Key word:  Yet.  One day I'll have to do something about this.  But considering what's going on, they're going to want to fuse part of my neck.  Which means I'm going to see problems above and below the fusion in the future.  I'm not in pain, I'm fully functional, why would we start that roller coaster before we have to?  So there's no surgery in my immediate future.  It's just chiro, PT, and some Advil for the days where things flare up. 

I'm still not supposed to do things that will accelerate the timeline.  No sitting trot, no broncing ponies.  BUT . . . things are looking up for my return as a h/j princess.  I'll never be able to go back to being the one that gets on the naughty pony without a care but everyone has to retire from that role at some point.  I can work toward loping around a 2'6" course with my butt out of the saddle.  Yes, there's a risk, but a reasonable risk.  At least it gives me something to work toward.

I do like to jump

Theo heads north in 9 days.  It's going to be tough but at least I have some real hope.  I do my PT, I let my chiro open up that space to take pressure off my spine, and I'll be able to put my foot in the stirrup again.  I'm not done yet.  It will be my jumping saddle but hey, that's not exactly a burden.  I do love jumping.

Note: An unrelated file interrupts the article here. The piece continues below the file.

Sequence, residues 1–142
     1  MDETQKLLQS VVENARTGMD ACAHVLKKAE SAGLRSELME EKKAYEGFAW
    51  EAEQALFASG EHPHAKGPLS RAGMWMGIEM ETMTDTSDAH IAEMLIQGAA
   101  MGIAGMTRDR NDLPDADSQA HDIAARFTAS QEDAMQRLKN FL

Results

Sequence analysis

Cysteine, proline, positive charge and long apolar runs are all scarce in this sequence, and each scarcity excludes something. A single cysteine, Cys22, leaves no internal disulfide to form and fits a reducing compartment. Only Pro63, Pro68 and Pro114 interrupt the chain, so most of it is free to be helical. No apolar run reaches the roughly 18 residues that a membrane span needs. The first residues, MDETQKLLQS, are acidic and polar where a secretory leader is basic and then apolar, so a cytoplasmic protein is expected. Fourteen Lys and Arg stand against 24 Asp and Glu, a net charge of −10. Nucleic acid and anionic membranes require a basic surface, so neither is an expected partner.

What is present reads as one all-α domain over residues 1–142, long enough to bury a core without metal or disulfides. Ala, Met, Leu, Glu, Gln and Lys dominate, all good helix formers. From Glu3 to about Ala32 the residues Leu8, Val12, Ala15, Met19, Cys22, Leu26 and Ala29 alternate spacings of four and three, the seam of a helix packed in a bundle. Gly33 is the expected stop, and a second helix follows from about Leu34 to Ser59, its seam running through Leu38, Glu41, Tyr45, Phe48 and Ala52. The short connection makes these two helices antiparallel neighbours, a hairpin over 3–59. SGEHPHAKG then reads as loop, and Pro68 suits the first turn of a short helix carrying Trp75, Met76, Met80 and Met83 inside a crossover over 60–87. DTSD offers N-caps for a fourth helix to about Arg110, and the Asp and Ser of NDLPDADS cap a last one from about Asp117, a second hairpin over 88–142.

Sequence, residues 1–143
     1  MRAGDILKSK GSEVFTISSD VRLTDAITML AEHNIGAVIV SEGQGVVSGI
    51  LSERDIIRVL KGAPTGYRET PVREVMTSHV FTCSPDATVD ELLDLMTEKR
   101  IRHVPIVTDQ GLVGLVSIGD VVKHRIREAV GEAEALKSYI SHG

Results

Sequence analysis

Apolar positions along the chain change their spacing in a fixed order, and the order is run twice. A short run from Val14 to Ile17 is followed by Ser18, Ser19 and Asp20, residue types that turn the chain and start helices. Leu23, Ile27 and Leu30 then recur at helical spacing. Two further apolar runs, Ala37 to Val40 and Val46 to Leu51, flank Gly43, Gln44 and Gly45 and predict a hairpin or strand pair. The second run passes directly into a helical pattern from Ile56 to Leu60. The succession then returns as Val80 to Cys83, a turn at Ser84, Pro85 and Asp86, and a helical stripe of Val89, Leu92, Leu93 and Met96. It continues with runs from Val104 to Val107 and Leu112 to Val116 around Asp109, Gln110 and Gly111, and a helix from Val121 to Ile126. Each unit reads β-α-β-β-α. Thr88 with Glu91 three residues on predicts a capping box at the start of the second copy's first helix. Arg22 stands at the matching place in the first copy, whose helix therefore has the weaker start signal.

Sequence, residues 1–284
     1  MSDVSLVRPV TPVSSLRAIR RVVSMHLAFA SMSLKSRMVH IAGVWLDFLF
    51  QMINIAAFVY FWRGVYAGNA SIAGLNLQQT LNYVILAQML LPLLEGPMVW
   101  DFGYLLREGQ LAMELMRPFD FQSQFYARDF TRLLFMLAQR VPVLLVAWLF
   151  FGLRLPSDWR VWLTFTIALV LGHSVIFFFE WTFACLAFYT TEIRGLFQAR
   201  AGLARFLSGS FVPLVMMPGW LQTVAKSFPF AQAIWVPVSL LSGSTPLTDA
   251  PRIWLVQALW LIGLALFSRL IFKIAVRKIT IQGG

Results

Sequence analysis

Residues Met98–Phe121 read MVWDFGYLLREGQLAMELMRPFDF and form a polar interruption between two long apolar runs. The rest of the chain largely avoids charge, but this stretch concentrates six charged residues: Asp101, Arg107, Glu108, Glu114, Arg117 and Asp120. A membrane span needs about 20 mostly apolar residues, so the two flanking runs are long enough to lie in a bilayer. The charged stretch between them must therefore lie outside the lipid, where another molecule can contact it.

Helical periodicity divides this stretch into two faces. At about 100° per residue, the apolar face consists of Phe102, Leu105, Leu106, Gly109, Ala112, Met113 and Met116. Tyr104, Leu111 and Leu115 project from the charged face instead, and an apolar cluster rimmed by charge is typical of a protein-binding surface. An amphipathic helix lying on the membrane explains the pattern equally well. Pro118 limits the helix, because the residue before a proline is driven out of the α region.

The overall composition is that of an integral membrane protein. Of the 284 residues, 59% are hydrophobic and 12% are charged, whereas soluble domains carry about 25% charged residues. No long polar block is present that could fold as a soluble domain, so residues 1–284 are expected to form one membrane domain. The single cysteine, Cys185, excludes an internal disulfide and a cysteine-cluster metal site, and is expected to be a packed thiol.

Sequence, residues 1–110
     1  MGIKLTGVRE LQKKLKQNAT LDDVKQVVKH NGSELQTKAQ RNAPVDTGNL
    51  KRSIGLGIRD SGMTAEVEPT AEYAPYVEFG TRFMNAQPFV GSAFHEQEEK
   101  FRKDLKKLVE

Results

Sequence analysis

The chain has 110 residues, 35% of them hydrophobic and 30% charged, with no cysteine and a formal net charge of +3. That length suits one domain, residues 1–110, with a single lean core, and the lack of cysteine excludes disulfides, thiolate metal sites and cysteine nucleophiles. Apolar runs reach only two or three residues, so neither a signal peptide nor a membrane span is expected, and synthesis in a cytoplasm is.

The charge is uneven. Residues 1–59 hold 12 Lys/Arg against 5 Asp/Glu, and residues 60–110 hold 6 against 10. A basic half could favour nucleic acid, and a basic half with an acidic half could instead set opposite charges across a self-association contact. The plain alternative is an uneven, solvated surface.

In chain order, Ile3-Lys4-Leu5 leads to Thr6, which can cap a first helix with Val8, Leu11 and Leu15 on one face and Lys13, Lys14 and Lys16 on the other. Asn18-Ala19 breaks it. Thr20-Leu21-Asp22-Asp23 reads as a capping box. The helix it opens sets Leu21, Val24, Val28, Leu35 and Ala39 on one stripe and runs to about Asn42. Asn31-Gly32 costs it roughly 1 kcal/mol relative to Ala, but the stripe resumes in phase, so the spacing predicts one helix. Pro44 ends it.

I think my neck situation needs a name but I haven't come up with one.  Wonky neck?  Damn discs?  There's so many options.


  1. My mom has a pretty messed up back, that shit is nothing to joke with but she did a lot of reading on how they handle surgeries in europe (specifically Germany) and has a lot of hope. I really hope you are able to get back in the saddle one day!

    1. Part of me wishes I didn't do the work before around outcomes. I don't want to screw around with this. But at the same time, it does seem kind of crazy to open me up and fuse my spine for something this early. I know this is degenerative and one day I won't have a choice. We'll just keep a close eye on it and avoid anything that will turn this from minor to emergency.